The Korea Fair Trade Commission (KFTC) found Qualcomm's patent licensing and modem chip sales practices unfair, and proposed what is South Korea's largest fine to date, Reuters reported. The commission said that Qualcomm refused to license its chipset patents in some cases and used its market position as leverage to impose unfair licensing agreements in others.
In addition to the fine, Qualcomm must re-negotiate existing patent license agreements and use third-party negotiators in future patent discussions.
"This case is meaningful in that it fundamentally remedies the business model that made it possible for Qualcomm to unfairly maintain and expand its dominance for an extended period of time in the cellular SEP license and modem chipset markets," the KFTC wrote in its report.
In a statement Wednesday, Qualcomm said that it plans to appeal the decision in Korean court once a written order is issued, which could take up to six months.
"This is an unprecedented and insupportable decision relating to licensing practices that have been in existence in Korea and worldwide for decades and that the KFTC reviewed but did not question in a previous investigation of Qualcomm," the company said in a statement.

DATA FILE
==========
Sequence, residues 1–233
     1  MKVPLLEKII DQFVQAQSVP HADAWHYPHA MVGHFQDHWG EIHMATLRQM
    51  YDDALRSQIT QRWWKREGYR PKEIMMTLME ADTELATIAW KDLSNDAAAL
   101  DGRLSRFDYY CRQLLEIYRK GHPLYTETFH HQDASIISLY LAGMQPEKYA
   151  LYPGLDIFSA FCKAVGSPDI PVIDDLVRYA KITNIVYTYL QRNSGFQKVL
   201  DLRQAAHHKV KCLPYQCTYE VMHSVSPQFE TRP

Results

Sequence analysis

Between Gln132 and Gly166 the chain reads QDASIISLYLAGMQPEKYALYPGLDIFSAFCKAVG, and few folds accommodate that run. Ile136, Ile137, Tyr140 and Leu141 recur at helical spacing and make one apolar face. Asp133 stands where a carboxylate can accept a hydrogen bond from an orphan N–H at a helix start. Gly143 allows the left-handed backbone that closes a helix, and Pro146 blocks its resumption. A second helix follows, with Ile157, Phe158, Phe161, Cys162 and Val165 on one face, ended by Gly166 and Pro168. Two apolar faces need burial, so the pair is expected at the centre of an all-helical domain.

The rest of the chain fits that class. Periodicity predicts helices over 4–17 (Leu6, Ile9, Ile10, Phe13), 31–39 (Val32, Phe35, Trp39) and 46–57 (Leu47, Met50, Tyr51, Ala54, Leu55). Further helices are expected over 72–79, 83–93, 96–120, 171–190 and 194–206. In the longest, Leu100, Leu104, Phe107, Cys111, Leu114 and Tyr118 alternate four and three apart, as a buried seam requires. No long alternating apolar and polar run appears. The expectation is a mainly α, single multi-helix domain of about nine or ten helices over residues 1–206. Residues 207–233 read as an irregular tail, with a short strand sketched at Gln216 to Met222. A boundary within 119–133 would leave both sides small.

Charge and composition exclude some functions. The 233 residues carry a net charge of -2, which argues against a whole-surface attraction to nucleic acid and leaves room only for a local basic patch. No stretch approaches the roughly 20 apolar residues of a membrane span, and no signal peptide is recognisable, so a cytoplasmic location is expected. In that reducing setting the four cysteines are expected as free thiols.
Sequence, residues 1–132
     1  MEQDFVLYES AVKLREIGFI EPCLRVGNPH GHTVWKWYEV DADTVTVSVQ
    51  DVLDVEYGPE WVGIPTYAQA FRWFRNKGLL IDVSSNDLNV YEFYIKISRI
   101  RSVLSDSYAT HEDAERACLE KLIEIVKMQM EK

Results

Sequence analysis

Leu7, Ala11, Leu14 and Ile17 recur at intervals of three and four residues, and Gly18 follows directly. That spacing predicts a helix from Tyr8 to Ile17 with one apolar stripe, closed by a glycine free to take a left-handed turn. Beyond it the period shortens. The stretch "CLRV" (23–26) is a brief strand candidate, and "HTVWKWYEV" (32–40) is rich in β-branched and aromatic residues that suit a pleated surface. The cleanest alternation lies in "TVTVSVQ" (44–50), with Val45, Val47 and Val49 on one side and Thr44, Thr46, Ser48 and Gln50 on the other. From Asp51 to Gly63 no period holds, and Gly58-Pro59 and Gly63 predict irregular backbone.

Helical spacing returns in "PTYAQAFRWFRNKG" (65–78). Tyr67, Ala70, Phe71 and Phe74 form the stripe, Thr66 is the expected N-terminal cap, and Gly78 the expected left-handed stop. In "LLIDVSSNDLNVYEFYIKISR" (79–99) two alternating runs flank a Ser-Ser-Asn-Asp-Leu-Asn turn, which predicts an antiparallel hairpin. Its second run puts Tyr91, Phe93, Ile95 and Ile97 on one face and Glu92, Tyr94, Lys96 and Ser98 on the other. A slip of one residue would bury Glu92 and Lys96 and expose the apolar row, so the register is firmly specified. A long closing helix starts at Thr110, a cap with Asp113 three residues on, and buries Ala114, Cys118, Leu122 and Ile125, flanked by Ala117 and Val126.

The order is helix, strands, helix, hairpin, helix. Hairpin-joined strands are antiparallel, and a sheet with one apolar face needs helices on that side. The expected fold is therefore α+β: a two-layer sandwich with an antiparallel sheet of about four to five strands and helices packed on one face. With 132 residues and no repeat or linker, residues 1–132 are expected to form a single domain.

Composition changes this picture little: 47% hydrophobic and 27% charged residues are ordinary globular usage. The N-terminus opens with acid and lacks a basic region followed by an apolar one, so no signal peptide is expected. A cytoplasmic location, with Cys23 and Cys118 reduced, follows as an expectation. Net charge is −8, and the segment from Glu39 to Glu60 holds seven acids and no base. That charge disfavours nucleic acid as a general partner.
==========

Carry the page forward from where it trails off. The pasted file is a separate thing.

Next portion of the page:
San Diego-based Qualcomm makes a wide variety of chipsets for everything from drones to cars, but it is perhaps best known in the US for its Snapdragon smartphone processors. They power many high end devices sold worldwide, including phones from Korean manufacturers, like the Samsung Galaxy S7.
This is not the first time Qualcomm has faced anticompetitive accusations in Korea. The KFTC levied a similar fine in 2009, for $208 million. The company also paid a $975 million fine in China last year, Reuters reported.